For this church:
Nottingham South Deanery
Holy Trinity Church was built in 1841-42, of dark grey stone in Early English style. It comprises a chancel, clerestoried nave of five bays, north and south aisles, north porch, vestry and a large west tower with pinnacles, containing a clock. The architect was H I Stevens of Derby.
At first there was one bell, then five more were added in 1856 and finally another two were donated by Albert and Frederick Ball in 1902. The bells were re-tuned in 1999, two replaced and a new steel bell frame installed. The choir and organ, formerly in the gallery, were moved to the north side of the chancel in 1870.
There is a reredos with tiled dado and inscription by Powell & Sons (1911). The chancel screen is by J Rigby Poyser (1931) and the altar is of Japanese oak (1972).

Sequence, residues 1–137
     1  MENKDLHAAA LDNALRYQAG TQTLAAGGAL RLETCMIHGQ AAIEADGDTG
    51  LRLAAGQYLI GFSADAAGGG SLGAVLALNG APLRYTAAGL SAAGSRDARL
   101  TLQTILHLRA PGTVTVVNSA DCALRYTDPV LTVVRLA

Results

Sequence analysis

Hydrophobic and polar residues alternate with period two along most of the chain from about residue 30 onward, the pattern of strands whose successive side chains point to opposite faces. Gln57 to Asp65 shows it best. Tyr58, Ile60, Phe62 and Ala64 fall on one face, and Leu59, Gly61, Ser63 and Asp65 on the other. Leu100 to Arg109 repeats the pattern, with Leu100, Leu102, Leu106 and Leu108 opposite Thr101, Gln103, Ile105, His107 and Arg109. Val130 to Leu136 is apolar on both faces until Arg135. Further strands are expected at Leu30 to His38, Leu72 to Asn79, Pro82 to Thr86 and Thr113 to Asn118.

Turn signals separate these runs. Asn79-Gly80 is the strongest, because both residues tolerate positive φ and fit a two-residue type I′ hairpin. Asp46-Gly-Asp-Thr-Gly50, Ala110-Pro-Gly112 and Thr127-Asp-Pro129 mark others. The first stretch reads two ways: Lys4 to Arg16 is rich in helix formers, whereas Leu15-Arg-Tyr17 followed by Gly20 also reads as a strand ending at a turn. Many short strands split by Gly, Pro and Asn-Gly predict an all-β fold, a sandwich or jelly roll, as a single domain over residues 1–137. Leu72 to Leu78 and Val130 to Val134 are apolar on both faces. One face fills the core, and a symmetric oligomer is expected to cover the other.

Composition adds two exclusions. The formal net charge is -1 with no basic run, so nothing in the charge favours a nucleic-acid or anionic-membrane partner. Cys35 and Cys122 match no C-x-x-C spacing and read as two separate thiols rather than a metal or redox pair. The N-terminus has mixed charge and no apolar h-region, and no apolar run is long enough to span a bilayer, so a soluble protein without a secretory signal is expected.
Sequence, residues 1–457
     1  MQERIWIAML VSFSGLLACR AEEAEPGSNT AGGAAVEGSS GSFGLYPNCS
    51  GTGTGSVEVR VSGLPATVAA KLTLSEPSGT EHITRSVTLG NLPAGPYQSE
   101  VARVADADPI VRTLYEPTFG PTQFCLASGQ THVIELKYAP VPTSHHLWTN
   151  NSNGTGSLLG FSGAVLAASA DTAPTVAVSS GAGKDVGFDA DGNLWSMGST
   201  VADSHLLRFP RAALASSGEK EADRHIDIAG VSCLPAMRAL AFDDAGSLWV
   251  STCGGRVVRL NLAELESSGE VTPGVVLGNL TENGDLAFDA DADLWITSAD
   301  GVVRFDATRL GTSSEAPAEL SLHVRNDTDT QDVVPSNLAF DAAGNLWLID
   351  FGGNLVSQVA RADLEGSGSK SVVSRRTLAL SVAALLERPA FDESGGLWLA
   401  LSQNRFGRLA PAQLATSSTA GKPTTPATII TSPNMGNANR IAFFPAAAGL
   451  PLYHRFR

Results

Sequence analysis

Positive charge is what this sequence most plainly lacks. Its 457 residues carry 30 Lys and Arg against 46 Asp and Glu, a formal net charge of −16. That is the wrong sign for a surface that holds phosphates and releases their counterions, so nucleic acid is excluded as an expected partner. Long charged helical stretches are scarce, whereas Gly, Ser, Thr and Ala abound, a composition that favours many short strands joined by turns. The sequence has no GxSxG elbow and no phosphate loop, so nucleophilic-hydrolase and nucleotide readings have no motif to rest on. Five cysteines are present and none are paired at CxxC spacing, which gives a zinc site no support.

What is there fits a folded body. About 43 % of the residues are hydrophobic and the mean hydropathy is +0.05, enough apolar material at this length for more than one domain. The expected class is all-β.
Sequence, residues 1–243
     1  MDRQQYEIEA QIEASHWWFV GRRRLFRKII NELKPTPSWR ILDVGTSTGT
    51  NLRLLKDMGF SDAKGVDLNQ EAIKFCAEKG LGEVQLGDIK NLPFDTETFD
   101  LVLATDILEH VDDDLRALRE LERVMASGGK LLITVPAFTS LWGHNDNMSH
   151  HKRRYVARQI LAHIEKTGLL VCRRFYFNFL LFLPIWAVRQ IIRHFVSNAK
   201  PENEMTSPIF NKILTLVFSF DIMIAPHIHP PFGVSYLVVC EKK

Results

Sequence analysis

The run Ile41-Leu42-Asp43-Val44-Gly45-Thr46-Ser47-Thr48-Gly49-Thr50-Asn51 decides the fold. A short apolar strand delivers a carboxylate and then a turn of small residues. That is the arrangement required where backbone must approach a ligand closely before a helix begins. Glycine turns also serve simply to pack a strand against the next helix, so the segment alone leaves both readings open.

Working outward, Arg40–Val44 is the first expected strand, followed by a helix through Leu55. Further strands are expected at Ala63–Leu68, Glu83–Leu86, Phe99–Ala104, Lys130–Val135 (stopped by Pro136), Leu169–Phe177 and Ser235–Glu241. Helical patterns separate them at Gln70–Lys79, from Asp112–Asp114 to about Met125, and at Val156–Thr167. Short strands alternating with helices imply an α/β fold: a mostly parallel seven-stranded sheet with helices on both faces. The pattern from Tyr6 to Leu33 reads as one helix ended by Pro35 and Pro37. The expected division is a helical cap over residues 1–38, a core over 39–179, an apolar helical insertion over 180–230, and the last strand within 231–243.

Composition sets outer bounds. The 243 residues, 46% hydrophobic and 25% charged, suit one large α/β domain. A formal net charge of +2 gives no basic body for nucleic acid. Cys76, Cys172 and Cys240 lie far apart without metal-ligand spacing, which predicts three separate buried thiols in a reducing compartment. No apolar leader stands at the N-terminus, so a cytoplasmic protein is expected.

The interior has tall quatrefoil piers and all with lancet windows. In the east window is unusual and attractive floral glass in memory of the church’s founder Francis Wright, who imported rare trees for the churchyard. There are several other stained glass windows including a Boer War Memorial by Heaton, Butler and Bayne.
Above all visitors go to see the richly carved mid-12th century font from the old Lenton Priory. It is one of the most interesting in the country, one of only five rectangular narrative fonts. It is almost square, of stone, measuring 34 ins. x 28 ins. x 30 ins. high, and the bowl intended for complete immersion. The sides are carved with scenes of Jesus’ Baptism, Crucifixion (with the soul of the penitent thief emerging from his mouth and soaring upwards, that of the impenitent thief being consumed by a dragon) and Resurrection, with the three Marys at the Sepulchre. The style has no parallel in England.
Particular thanks to Doug Fletcher and Andy Nicholson for research on this entry